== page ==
(Credit: Erin Ninehouser/Rustbelt Mayberry Photography)

Act 77, the election law that created vote-by-mail in 2019, has made voting easier for Pennsylvania voters. Passed just before the start of the COVID-19 pandemic, the law gave voters another option besides going to the polls in person. Millions of Pennsylvanians have taken advantage of the convenience of voting by mail.

But for thousands of voters in every election, an error on a meaningless requirement has meant that their ballots have been disqualified. Trivial errors on the ballot return envelopes, like not including a handwritten date on the outer return envelope, led to more than 10,000 uncounted votes in the 2022 election alone. 

Whether your vote counts should not depend on the precision of a meaningless handwritten date. Mail ballots must be received by the county election office by 8 p.m. on Election Day, regardless of the date written on the envelope. Staff at the county elections office know if they’ve received your ballot by the deadline; whether or not you included a handwritten date on the outer return envelope is irrelevant to the fact that your ballot is in their hands in time to be counted.

So we’re doing something about it, to make sure these voters have their ballots counted. In May of this year, Black Political Empowerment Project, POWER Interfaith, Make the Road Pennsylvania, OnePA Activists United, New PA Project Education Fund, Casa San José, Pittsburgh United, League of Women Voters of Pennsylvania, and Common Cause Pennsylvania, represented by ACLU-PA, the Public Interest Law Center, and volunteer attorneys from the law firm Arnold and Porter,  sued Pennsylvania Secretary of State Al Schmidt and election officials in Philadelphia and Allegheny County. Our claim? The handwritten date rule undermines voters’ rights protected by the free and equal elections clause of the Pennsylvania Constitution.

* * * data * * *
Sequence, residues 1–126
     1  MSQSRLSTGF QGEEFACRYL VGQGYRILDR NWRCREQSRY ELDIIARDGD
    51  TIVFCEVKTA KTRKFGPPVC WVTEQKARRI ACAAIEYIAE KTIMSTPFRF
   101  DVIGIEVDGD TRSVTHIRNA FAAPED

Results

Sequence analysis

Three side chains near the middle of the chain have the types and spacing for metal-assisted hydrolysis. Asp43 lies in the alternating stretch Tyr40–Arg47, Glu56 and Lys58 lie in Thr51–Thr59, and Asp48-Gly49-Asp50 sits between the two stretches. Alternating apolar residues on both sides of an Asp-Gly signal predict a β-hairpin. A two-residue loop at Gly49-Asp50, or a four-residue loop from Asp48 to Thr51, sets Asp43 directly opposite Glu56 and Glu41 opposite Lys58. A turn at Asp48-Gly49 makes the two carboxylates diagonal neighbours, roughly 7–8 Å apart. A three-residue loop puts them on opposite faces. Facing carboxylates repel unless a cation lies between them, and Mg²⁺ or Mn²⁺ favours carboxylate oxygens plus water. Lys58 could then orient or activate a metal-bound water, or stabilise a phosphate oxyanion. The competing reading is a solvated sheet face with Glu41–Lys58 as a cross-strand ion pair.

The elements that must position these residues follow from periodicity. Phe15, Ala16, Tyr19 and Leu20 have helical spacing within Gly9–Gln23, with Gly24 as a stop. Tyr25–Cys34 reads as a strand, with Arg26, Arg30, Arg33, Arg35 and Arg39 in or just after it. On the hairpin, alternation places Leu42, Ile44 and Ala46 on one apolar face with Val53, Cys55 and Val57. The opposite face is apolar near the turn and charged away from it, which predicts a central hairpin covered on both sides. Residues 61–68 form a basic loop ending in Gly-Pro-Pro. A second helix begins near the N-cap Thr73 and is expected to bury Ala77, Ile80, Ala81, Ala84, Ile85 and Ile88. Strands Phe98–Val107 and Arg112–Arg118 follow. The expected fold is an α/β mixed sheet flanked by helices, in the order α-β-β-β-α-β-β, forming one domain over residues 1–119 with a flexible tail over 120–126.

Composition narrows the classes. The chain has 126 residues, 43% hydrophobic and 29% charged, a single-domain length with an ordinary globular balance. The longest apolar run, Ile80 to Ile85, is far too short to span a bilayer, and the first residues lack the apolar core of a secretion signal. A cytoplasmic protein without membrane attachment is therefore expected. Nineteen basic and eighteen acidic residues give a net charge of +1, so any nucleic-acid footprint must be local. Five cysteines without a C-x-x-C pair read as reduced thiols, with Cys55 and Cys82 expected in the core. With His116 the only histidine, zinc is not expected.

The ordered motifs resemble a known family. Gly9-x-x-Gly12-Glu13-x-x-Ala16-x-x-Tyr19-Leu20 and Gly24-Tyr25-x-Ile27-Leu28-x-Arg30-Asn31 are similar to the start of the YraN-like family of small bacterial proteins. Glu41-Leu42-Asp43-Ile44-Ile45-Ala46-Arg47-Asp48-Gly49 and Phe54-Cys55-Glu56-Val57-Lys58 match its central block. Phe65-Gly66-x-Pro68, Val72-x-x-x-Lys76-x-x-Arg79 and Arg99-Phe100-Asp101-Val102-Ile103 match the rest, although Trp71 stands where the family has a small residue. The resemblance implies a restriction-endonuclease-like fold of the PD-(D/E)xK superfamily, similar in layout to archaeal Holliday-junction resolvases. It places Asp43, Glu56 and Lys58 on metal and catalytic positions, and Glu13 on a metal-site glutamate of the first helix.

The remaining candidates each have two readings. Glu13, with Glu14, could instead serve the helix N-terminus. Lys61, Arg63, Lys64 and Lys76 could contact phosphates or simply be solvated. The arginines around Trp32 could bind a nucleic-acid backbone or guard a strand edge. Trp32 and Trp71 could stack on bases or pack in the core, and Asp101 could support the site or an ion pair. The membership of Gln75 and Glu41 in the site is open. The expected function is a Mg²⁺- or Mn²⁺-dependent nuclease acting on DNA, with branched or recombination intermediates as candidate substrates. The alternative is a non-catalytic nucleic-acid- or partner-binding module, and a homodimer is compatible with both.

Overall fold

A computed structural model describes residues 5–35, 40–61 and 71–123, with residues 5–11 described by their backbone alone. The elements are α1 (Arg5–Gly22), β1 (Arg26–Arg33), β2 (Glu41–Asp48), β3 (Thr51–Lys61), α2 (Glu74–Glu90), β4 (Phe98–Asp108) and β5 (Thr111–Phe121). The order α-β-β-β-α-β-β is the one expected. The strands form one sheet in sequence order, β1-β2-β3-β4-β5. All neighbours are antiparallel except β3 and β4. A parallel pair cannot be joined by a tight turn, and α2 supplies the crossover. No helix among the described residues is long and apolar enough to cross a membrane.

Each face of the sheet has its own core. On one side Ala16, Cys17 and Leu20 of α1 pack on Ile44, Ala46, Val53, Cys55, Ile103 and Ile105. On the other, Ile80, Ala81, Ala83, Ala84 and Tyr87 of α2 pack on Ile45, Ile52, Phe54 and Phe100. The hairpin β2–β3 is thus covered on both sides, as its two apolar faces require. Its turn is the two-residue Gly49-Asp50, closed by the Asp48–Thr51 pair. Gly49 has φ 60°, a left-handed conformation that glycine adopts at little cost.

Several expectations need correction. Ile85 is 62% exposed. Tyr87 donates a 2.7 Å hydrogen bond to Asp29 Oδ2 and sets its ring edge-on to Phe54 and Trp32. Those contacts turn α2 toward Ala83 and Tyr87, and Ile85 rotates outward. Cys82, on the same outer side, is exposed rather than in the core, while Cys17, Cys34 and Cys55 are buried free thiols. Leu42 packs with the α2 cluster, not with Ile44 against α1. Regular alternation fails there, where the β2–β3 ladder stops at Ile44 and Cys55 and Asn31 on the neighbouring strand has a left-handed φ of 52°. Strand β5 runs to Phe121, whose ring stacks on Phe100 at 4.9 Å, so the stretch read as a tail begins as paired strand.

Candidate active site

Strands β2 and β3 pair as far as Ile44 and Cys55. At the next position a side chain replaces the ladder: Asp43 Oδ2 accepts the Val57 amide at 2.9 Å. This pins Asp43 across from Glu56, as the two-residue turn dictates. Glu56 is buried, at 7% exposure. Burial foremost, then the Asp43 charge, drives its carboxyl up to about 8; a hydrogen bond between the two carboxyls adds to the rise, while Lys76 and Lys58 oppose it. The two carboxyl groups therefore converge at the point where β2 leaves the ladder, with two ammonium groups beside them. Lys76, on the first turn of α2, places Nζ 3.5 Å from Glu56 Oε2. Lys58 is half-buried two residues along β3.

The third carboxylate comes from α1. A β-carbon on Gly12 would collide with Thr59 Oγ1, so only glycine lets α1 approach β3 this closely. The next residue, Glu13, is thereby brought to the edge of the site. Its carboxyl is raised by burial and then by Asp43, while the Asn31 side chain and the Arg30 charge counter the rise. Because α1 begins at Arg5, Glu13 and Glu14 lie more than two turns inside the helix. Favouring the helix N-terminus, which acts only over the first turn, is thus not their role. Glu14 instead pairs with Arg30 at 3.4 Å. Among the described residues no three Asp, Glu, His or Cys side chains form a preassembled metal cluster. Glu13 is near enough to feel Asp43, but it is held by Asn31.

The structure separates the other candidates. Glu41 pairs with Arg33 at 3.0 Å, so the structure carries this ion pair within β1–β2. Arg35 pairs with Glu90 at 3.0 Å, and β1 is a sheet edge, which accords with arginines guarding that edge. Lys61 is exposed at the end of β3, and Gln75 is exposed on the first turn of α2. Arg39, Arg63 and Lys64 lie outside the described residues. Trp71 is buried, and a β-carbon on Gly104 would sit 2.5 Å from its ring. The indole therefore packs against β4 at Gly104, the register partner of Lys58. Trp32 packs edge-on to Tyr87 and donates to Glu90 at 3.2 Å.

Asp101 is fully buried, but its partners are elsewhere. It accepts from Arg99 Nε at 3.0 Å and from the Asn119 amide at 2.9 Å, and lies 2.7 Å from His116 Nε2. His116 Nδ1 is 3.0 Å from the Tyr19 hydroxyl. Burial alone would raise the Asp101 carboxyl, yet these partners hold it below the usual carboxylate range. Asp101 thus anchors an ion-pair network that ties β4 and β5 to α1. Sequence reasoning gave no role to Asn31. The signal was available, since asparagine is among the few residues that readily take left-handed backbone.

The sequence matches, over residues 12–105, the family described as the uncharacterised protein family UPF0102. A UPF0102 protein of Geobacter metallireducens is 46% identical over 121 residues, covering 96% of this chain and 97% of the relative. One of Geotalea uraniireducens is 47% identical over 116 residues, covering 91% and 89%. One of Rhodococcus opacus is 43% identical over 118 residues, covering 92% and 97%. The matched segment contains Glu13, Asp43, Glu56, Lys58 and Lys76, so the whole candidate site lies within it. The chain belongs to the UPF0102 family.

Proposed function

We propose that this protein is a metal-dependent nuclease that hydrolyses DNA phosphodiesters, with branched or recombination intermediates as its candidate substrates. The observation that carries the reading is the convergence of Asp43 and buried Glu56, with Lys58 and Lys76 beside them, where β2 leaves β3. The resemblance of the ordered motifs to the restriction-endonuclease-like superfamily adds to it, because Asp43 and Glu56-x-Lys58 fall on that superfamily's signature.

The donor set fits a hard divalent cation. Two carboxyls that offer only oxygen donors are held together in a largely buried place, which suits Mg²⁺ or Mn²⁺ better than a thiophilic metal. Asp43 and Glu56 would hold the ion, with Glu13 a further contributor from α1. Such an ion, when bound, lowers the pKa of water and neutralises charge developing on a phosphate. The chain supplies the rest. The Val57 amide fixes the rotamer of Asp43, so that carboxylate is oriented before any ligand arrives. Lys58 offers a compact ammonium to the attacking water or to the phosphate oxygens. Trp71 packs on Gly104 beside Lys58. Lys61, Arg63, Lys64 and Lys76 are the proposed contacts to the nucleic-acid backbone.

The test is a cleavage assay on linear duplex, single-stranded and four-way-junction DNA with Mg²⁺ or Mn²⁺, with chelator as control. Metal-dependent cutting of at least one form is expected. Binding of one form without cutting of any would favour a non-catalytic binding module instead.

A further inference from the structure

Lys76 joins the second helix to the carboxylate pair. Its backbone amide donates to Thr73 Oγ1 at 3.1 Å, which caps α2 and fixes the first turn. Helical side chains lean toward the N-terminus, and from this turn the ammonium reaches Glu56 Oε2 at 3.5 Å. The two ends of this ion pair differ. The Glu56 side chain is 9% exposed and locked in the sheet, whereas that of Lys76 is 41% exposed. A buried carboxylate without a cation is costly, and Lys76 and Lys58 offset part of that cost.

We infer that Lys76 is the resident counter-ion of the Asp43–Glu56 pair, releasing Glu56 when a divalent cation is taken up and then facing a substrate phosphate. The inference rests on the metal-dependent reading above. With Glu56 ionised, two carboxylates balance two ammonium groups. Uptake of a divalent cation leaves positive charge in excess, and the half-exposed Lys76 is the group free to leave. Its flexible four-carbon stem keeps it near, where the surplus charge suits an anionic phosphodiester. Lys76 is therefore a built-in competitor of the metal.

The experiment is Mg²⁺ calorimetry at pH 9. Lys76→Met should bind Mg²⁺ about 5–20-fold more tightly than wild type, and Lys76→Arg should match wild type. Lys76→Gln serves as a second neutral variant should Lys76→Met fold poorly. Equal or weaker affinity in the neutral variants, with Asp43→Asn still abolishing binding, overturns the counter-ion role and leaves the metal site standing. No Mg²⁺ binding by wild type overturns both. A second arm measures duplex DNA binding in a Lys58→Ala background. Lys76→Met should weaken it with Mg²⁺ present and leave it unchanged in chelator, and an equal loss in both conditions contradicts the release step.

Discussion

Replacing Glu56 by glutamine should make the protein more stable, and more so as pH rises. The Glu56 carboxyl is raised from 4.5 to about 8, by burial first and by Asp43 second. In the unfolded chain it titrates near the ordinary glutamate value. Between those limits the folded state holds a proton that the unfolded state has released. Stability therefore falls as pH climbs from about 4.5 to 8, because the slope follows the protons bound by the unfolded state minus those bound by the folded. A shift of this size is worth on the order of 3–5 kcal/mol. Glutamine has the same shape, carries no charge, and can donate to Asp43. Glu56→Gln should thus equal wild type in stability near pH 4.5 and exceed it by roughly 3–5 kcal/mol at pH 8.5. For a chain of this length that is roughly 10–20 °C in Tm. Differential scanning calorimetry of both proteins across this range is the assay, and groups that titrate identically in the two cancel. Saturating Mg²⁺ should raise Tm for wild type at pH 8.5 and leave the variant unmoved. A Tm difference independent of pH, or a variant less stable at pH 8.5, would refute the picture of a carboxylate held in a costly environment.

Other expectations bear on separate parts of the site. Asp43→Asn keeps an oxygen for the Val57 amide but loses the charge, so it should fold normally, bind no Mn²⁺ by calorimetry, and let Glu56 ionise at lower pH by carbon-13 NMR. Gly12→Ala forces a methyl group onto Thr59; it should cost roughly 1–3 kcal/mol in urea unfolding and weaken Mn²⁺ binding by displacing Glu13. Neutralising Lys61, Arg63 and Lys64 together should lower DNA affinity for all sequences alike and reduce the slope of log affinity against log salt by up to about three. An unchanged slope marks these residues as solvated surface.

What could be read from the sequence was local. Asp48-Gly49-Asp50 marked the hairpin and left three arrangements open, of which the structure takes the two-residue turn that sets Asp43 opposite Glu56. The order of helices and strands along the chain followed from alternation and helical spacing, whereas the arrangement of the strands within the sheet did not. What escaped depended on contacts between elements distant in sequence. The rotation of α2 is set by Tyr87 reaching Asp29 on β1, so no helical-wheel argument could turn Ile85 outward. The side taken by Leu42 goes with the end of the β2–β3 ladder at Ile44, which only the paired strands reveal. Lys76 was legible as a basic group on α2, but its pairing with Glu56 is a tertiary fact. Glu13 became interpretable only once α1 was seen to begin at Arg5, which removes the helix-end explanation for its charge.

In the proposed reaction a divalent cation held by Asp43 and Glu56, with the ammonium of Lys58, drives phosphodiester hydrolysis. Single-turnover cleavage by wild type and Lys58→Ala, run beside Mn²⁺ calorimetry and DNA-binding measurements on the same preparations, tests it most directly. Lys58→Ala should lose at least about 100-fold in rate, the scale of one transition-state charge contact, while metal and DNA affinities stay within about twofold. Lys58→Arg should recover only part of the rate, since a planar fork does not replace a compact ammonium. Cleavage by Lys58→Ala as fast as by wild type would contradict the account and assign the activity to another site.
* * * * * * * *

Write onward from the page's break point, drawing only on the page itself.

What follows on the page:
While the case is directed at just two counties, a decision would apply to all counties and all voters. We want the court to stop the counties from enforcing the handwritten date rule. We want the court to recognize the voters’ constitutional right to vote.

The handwritten date rule unfairly impacts specific groups. Older adults are much more likely to have errors on their exterior envelope; voters with reading disabilities may transpose numbers; voters who grew up overseas may be accustomed to writing dates in different orders than the American style and, thus, unfairly silenced. 

These are eligible and important voters, and their stories are common. Consider some of the  voters who are witnesses in our lawsuit:

Joanne Sowell, an Allegheny County voter who rarely misses an election, received an email notifying her that her ballot in this year’s primary election would be rejected for an incorrect date. She was already aboard an airplane to leave Pennsylvania for a cruise vacation when she saw the message and, thus, had no opportunity to cure the mistake or vote provisionally.

“When I returned from my trip, the returned ballot was waiting at my house, but it was too late to fix it,” she wrote in her declaration for the lawsuit. “I am very upset that my ballot will not count because nobody’s ballot should get rejected for a trivial . . . mistake. When I received the email, it really bothered me for a few days because the date shouldn’t matter; it’s what’s inside the ballot that counts.”

“I don’t believe that the date serves any purpose,” said Joe Sommar, a Chester County voter who also had his ballot disqualified in the 2024 primary election. “The county knows that my ballot was received on time, and I don’t know why the date is necessary. It seems like an arbitrary thing, just another step to allow people to mess up and have their votes not counted.”

Counties already ensure ballot timeliness; the handwritten date requirement is unnecessary. We want every timely, legal ballot to be counted. Let people vote.